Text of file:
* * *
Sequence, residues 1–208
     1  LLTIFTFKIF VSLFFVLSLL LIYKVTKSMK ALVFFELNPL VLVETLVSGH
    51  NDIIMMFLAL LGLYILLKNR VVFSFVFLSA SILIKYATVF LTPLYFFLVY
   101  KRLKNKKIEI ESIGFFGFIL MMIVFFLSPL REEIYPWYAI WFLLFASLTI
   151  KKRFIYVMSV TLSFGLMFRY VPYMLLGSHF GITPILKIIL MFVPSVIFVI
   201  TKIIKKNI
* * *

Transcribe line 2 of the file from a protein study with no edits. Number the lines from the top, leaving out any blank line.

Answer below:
     1  LLTIFTFKIF VSLFFVLSLL LIYKVTKSMK ALVFFELNPL VLVETLVSGH